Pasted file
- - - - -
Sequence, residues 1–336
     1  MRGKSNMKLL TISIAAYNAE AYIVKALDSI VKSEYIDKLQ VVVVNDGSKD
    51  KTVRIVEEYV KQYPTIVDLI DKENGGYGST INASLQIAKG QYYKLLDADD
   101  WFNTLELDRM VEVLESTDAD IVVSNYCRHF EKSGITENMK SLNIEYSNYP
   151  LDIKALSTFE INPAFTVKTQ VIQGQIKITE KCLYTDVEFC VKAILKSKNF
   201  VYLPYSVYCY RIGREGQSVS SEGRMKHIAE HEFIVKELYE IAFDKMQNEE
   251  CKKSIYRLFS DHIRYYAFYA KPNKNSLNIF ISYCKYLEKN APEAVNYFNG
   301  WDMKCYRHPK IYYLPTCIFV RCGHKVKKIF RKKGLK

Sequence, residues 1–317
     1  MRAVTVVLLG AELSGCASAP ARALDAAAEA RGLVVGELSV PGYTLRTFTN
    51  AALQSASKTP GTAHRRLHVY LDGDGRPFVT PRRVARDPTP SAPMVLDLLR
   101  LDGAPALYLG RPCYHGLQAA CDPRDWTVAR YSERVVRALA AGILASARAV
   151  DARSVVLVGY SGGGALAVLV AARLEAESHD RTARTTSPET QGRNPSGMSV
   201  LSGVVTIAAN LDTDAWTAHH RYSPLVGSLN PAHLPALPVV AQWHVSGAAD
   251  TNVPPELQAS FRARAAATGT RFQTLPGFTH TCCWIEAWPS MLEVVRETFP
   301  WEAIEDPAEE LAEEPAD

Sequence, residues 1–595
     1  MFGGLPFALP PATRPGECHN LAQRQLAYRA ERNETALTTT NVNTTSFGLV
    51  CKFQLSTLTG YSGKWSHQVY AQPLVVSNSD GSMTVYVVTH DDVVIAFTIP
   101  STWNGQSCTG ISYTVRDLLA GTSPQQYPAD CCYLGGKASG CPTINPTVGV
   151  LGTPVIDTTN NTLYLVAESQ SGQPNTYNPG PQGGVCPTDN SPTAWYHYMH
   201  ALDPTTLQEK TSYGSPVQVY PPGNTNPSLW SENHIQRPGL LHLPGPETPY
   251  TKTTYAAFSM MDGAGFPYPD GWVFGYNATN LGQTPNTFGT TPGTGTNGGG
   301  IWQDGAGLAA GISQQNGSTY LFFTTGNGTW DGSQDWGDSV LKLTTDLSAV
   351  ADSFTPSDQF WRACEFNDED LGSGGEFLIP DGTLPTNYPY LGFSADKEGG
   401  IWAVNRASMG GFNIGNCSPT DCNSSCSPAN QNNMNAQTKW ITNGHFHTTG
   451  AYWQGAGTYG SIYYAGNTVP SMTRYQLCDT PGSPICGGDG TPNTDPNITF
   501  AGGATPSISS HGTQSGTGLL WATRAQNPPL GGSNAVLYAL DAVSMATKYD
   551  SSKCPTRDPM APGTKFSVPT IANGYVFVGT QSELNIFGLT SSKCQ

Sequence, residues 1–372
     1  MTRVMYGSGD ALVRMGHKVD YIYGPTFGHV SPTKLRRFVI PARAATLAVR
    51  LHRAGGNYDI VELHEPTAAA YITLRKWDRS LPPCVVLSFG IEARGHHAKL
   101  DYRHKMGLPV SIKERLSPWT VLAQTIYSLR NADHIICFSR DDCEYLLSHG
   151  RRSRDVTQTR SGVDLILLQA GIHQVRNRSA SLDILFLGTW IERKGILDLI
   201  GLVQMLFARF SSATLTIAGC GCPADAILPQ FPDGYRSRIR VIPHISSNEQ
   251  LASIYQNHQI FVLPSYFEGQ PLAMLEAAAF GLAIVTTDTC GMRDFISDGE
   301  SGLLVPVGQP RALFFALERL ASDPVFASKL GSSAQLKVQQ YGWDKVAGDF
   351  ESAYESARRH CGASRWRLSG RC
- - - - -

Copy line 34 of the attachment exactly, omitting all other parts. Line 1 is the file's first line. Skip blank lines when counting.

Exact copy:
   151  RRSRDVTQTR SGVDLILLQA GIHQVRNRSA SLDILFLGTW IERKGILDLI